“Lord God Almighty.”

“Hey, I had—they just happened to have been a lawful posse.” If I hadn’t been so mad, I might have thought his little grin was charming. “Anyhow,” he said, seeing my frown. “The Bhaers got me a doctor, and when I woke up, I was a hero. And we’ve been coming back here every Christmas since. Luis and the cook even have an understanding to wed.”

“And they don’t know you’re outlaws?” I said.

He at least had the decency to look embarrassed. “Like I said, they’re good people.”

“Stupid people, maybe.” When I had taken up with him, I had known I was giving up any hope of eve being respectable, that I wasn’t ever going to be the nice married lady I had always dreamed I’d be. But I had wanted him so much, I had told myself it didn’t matter, that there were things more important than being respectable. But now here we were, and he expected me to pretend.

“Now don’t be like that,” he said. “I didn’t tell you we were coming here because I wanted it to be a surprise. I thought you’d like it.” He took my hand and tugged me closer, and I let him. “Just think, darling. A clean bed.” He kissed me on the forehead, sweet and soft. “A hot bath.” I couldn’t help but smile, slumping against him. “When was the last time you had a hot bath?”

“It has been a while.” The last time had been in Carson City, and a fine time it had been.

“We can stay here and ride the storm out safe and sound, eating Clara and Mrs. Bhaer’s fine cooking.” I twined an arm around his neck, and he kissed my mouth. “Sleeping as late as we like.”

“That does sound nice.” Getting up before the sun was the thing I hated most about being an outlaw.

“No posse breathing down our necks.” He nibbled the back of my neck. “No Thomas or Luis snoring one bedroll away.” He kissed behind my ear. “No biting my shoulder to the bone, trying to keep quiet.” I giggled, and he kissed me on the mouth. I melted against him, and he walked me backward toward the bed. “And I was thinking,” he said, nuzzling my throat.

“Thinking what?” I untied the bandana at his throat.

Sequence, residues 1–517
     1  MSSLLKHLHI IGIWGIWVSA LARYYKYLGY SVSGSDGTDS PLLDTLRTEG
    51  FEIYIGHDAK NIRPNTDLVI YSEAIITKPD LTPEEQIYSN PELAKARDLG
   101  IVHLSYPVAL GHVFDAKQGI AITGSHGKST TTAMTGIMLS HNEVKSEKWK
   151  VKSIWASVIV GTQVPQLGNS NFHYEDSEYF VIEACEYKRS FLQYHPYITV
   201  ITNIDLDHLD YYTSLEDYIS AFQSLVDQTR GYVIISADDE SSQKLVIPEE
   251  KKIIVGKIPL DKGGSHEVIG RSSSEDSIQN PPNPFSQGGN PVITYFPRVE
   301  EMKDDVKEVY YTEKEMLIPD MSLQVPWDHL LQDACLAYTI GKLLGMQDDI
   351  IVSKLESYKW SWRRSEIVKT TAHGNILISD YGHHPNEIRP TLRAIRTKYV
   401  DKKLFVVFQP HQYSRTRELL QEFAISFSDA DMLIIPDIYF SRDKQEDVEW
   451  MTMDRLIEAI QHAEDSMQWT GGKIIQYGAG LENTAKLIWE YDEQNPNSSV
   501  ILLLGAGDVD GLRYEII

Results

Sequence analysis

“When the storm does break and we do ride out…” He kissed me again, cuddling my head in his hand the way he knew I liked. “…you could stay on here a while.”

I broke the kiss. “Beg pardon?”

“Just for a little while.” He put up his hands like I might have been a sheriff with a shotgun. “Just until the weather warms up and things calm down a bit.”

“You want to just dump me?” I said.

“Of course not.”

“Have I ever once whined or told you I was tired?” I demanded. “Did I ever cry when I got shot at or fail to shoot when I had to?”

“No, honey. I just thought–”

“I ride as good as Thomas and better than Luis.” I had never been so mad at anybody in my life. “If you’re sick of me, Cade, all you’ve got to do is say so. If you’re ready for another piece of–”

“Stop right there!” He didn’t holler at me often, but when he did, it was impressive. “I don’t want no other women, damn it! That’s the gawddamn point! I want you to be safe!”

“Then you ought not to have let me come with you in the first place!”

“You think I don’t know that?”

I caught my breath like he had hit me. Truth be told, I wished he had.

Somebody knocked on the door. “Mrs. Cade?” It was Mrs. Bhaer. “We have your bath.”

Cade reached out a hand to me. “Daisy…”

“Get out.” I couldn’t stand for him to see me cry. “Just get out.” I opened the door. “Thank you kindly, Mrs. Bhaer,” I said, putting on a smile. “Elbert was just leaving.”

Check out Cowboys & Krampus and the rest of our holiday stuff at our website, http://lucybluecastle.wixsite.com/littleredhenromance. Merry Christmas! 

 

Posted in Books, Current events, Lucy Blue Short Story, Other People's Awesome, Personal Real Life Stuff, Politics, Pop Culture, Publishing, Short Story

We Are Not This: Carolina Writers for Equality – Press Release

small-we-are-not-thisI’m lucky enough to have a story in this–“The Dark Lady” about a transgender actress in the days of Shakespeare. But even if I didn’t, I’d promote the living juice out of it. Much, much great stuff to read, all profits benefiting a magnificent cause. It’s available as an ebook right now from Amazon here, and print copies are on the way. Get a copy, boost the signal, spread the word. HB2 and the hate it represents are NOT North Carolina. 

FOR IMMEDIATE RELEASE

CHARLOTTE SMALL PRESS RELEASES CHARITY ANTHOLOGY PROTESTING HB2

For Details, contact John G. Hartness
john@falstaffbooks.com

10/25/16

In an “October Surprise” for Governor Pat McCrory and members of the NC General Assembly, Charlotte-based micro-press Falstaff Books today released We Are Not This – Carolina Writers for Equality. The anthology, a collection of 31 short stories, poems, and essays by North Carolina writers or writers who feel a strong tie to the Carolinas, was created as a response to HB2, the divisive “bathroom bill” passed by the NC General Assembly earlier this year.

We Are Not This includes stories from NY Times bestselling author A. J. Hartley, noted singer-songwriter David Childers, Bram Stoker Award nominee Jake Bible, Charlotte Observer columnist and longtime educator Kay McSpadden, Hugo-award nominated editor Edmund Schubert, and a host of other writers. The anthology is currently available as an ebook, and will be available in print within the month.